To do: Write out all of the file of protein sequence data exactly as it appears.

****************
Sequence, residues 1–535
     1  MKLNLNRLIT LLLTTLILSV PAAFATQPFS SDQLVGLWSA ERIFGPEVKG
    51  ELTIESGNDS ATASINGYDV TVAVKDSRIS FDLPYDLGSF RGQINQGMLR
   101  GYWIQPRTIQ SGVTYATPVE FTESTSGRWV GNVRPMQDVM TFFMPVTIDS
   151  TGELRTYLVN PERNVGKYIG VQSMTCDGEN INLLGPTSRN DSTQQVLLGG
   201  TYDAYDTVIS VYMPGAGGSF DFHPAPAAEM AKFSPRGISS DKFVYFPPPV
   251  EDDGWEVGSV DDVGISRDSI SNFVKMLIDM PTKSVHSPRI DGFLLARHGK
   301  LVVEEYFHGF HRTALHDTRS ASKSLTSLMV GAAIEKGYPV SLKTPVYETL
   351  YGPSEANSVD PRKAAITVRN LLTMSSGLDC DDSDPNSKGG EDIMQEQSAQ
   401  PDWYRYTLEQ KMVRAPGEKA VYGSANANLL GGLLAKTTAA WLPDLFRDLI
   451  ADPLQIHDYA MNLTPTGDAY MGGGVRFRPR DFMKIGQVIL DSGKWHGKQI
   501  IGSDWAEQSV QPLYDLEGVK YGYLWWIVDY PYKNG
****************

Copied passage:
Sequence, residues 1–535
     1  MKLNLNRLIT LLLTTLILSV PAAFATQPFS SDQLVGLWSA ERIFGPEVKG
    51  ELTIESGNDS ATASINGYDV TVAVKDSRIS FDLPYDLGSF RGQINQGMLR
   101  GYWIQPRTIQ SGVTYATPVE FTESTSGRWV GNVRPMQDVM TFFMPVTIDS
   151  TGELRTYLVN PERNVGKYIG VQSMTCDGEN INLLGPTSRN DSTQQVLLGG
   201  TYDAYDTVIS VYMPGAGGSF DFHPAPAAEM AKFSPRGISS DKFVYFPPPV
   251  EDDGWEVGSV DDVGISRDSI SNFVKMLIDM PTKSVHSPRI DGFLLARHGK
   301  LVVEEYFHGF HRTALHDTRS ASKSLTSLMV GAAIEKGYPV SLKTPVYETL
   351  YGPSEANSVD PRKAAITVRN LLTMSSGLDC DDSDPNSKGG EDIMQEQSAQ
   401  PDWYRYTLEQ KMVRAPGEKA VYGSANANLL GGLLAKTTAA WLPDLFRDLI
   451  ADPLQIHDYA MNLTPTGDAY MGGGVRFRPR DFMKIGQVIL DSGKWHGKQI
   501  IGSDWAEQSV QPLYDLEGVK YGYLWWIVDY PYKNG